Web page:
Believe in what is being said


This is a response to Roxy Hammond’s article “South Dakota does not equal stupid.” I agree it is incorrect to judge a persons intelligence based on where they’re from. But to compare this to saying that all black people are “worthless piles of crap” who only commit crime just doesn’t make sense at all.

Then, to make matters worse, you say “Of course I don’t think that way, but I’m sure I could find you some examples to fit that description.” So, you’re trying to tell me that you personally know some “worthless piles of crap” who only commit crime, but you don’t believe that’s all they do?

Well when you come up with a good list, you let me know. What does insulting where a person grew up have to do with insulting an entire race? Nothing. It’s a false analogy!

In case you don’t know what that is, I’ll tell you. False analogies are comparisons between two situations that are not alike in most, or important, respects. I hope you see the point I’m trying to make.

I also want to point out that you said “I guess visiting Wall Drug automatically makes you an expert on the people from South Dakota.” I’ll admit I don’t have a clue as to what Wall Drug is, but my point is that you contradict yourself a little later in the article.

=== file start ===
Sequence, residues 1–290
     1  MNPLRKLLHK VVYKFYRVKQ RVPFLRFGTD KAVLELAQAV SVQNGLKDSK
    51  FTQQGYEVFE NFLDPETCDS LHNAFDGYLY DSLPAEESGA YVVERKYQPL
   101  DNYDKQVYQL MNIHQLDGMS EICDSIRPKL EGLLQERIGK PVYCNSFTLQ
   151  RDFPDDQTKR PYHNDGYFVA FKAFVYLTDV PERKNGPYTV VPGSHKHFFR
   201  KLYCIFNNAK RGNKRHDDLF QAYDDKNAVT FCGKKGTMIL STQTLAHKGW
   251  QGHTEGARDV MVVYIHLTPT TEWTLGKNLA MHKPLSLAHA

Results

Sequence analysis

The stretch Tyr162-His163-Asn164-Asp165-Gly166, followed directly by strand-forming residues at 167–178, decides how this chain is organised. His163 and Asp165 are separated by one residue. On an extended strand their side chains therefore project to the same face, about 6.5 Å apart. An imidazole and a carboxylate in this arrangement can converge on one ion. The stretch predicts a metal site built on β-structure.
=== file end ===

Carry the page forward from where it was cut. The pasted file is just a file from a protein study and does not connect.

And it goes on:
If you really wanted to use this example, you should have specified where you went, because it is possible that maybe you went to a bad part. I wouldn’t know. But don’t tell us that it’s wrong to judge a place after visiting one or two places when you do it yourself.

I can point out another place where you contradict yourself. You say that you feel safer in South Dakota because you can walk out to your car at night and not find your window smashed in with your CD player stolen. OK, there’s nothing wrong with that, that’s a good thing. But why would you try and convince us that you don’t assume that big city life is a horrendous crimefilled lifestyle?

That just doesn’t make sense to me. So, next time you want to make comparisons, practice some good writing skills, because it’s all about backing up what you’re saying, and not letting your audience know that you don’t believe what you’re talking about.

Vivian Obasi